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Iceland Wants Internet Activists To Run The Country After Panama Leak

REUTERS/Mark Blinch

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Jacob Bojesson Foreign Correspondent
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Almost half of Icelandic people want the Pirate Party to take charge of the country after Prime Minister Sigmundur David Gunnlaugsson stepped down Tuesday.

The Icelandic Pirate Party was founded in 2013 and currently holds three out of 63 seats in parliament. Its main points on the agenda include not joining the EU, abolishing patent laws and giving former National Security Agency contractor Edward Snowden Icelandic citizenship.

If a new election took place now, the Pirate Party would receive 43 percent of the vote, according to a poll released Wednesday. A new election could happen as early as next month, and the Pirate Party holds a 21-point lead over the second largest party.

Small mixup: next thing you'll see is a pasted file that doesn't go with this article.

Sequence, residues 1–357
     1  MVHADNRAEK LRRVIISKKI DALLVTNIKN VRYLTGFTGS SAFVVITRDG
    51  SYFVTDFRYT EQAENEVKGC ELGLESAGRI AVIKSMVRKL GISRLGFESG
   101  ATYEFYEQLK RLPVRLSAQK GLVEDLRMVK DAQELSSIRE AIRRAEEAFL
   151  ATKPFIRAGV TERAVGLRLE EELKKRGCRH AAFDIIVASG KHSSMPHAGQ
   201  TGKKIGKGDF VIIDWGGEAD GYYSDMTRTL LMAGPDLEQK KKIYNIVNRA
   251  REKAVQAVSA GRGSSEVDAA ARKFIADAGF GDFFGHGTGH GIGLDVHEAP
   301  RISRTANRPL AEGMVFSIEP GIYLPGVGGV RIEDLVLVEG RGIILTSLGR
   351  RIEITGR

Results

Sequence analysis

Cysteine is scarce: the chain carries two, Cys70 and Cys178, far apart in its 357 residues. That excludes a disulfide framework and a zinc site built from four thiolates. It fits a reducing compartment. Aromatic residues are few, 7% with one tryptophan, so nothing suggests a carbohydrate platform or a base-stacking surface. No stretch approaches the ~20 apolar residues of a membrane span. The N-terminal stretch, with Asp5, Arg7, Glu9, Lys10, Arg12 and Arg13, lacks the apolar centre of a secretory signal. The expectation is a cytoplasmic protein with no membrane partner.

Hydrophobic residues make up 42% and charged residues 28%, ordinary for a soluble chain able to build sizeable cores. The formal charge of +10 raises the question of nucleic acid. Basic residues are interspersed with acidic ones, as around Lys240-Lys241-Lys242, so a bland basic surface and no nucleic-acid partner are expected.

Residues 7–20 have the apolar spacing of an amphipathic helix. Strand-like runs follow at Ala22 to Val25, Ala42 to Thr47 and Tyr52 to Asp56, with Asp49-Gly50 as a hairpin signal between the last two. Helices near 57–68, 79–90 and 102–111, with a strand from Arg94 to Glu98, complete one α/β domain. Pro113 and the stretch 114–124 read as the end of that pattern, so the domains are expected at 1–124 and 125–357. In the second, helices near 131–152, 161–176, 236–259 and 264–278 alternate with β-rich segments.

Pirate Parties have emerged across Europe over the past 10 years. They want to reform, and in most cases abolish, patent and copyright laws to make information on the Internet more accessible. This includes making pirating of music and movies legal. Pirate Parties have little to no influence on politics in every country except Iceland. (RELATED: Icelandic Prime Minister Had Financial Ties With The Same Bankers He Helped Imprison)

Gunnlaugsson resigned Tuesday after the Panama Papers exposed his holdings in off shore accounts. Gunnlaugsson is one of 12 world leaders named in the Panama Papers. The leak revealed Gunnlaugsson held shares in Wintris, Inc., a company registered in the British Virgin Islands. The company invested in some of the same banks he spoke out against after the country was rocked by the 2008 financial crisis.

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